Is depression a coping pattern I learned growing up?
Growing up (and still today) my father dominated and controlled…and I had no power. He will always overrule, no matter what I say or do. To cope, I’d just ‘check out’ emotionally.
I think I learned early on that there is no point in trying anything, because I am powerless. Also, I think I learned the feeling that no situation can be fixed. There is no point in reacting to him because nothing changes.
Now I’m old enough that I should be free of this, but I continually have deep depression to the point of suicide. I wonder if the depression is just me ‘repressing’ myself, like I did for the first 18 years. And, now that I’m free of him, why would I continue this pattern? Why am I not just excited to be free?
Yes, depression very definitely could be a coping pattern that allowed you to get through what sounds like a very difficult childhood. There are many theories behind the cause of depression, from anger being turned inward, to neurochemical explanations, but what seems to best describe your experience is a concept called learned helplessness.
Learned helplessness theory is the idea that depression and other mental illnesses may occur when someone experiences a perceived absence of control over the outcome of a situation. For example, you may have learned early in your life that no matter what you did, your father would have control over what you did. Thus, you gave up trying (so you wouldn’t constantly be disappointed or angry), and have taken that coping skill with you into adulthood. While this is understandable, learned helplessness is not healthy later in life, and people who suffer from this often experience physical, emotional and social problems.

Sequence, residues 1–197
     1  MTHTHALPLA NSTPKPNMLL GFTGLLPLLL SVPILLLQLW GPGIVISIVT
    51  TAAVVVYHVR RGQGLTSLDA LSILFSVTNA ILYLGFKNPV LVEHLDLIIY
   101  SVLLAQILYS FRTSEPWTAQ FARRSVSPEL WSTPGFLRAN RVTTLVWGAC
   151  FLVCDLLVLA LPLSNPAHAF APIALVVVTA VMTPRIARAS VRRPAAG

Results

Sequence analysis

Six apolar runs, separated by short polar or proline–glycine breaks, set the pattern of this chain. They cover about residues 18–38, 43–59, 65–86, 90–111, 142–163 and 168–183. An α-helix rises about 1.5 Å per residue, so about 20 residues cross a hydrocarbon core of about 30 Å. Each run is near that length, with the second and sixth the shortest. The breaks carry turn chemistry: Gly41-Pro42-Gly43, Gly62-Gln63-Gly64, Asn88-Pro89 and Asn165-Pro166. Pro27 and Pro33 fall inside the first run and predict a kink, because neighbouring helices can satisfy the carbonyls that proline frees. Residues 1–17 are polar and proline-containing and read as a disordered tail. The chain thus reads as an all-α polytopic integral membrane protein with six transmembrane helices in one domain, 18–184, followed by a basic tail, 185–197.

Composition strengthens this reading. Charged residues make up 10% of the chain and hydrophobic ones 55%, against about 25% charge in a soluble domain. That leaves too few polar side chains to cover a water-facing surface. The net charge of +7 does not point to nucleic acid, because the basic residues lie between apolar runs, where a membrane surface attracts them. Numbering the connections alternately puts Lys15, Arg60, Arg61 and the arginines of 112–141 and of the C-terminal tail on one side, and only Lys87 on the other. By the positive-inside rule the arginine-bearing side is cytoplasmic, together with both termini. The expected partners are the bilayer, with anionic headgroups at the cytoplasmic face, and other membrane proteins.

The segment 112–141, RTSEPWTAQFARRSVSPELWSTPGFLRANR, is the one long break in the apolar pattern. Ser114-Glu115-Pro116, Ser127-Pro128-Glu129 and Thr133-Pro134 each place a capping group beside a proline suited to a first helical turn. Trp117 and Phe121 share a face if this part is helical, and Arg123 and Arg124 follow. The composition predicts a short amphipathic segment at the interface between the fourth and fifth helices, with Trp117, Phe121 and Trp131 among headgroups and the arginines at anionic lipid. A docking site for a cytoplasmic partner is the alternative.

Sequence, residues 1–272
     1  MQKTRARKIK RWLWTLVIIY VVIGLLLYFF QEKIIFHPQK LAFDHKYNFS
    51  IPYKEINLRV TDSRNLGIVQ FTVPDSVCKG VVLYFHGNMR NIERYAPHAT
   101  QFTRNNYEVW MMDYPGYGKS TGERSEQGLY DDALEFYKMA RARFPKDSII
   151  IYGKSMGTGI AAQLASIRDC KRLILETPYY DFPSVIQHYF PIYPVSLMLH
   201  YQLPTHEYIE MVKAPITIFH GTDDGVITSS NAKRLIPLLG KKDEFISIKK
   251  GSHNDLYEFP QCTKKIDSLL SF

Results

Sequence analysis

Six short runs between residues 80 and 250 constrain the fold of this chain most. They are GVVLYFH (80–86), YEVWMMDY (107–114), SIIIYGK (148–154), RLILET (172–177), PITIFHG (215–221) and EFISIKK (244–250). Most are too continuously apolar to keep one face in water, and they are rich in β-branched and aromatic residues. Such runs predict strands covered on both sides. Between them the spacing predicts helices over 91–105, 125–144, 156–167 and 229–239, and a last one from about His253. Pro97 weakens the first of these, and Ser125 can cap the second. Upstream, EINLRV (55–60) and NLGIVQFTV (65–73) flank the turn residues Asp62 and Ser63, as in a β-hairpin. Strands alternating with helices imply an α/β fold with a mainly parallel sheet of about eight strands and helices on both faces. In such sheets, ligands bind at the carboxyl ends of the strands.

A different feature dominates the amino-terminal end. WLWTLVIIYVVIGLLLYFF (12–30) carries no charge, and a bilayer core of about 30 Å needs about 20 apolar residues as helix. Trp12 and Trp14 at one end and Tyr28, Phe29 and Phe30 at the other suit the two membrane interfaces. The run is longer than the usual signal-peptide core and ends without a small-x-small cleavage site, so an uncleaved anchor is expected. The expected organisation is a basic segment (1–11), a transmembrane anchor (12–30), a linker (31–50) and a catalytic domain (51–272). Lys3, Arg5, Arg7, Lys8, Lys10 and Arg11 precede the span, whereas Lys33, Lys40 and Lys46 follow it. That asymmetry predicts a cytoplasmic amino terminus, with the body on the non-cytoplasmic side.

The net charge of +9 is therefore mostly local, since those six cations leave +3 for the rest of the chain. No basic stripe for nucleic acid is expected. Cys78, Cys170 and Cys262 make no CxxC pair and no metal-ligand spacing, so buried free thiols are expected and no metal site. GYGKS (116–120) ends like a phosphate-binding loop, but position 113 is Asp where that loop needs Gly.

Treatment for learned helplessness (and depression) can include cognitive restructuring. The first step in this restructuring involves the realization that you do indeed have control over certain things and, in fact, you always did (although it would be difficult for a child to understand this without adult assistance). They may seem like small measures of power, but you did and do have control over your thoughts, emotions and behavior. One of the best ways I’ve heard this described was from Bruno Bettelheim, an Austrian psychologist who survived two concentration camps. While in the camps, Bettelheim discovered that even within the most extreme environment imaginable, people still found ways to be in control of themselves, and those who did tended to survive longer. These people made up their minds how they were going to behave and then informed their heart of their intentions. This gave them power and you can do the same.
Although it may be difficult, people can decide that they will perform the actions necessary to alleviate the symptoms of depression. They can eat well, exercise and find the mental health treatment they need. That can include anything from workbooks and support groups to going to counseling. Such a road will be long and filled with challenges. It will take determination and it probably will involve not getting the results you want right away, but with persistence, it can be done. Your father controlled you as a child. Do not let him control you forever.
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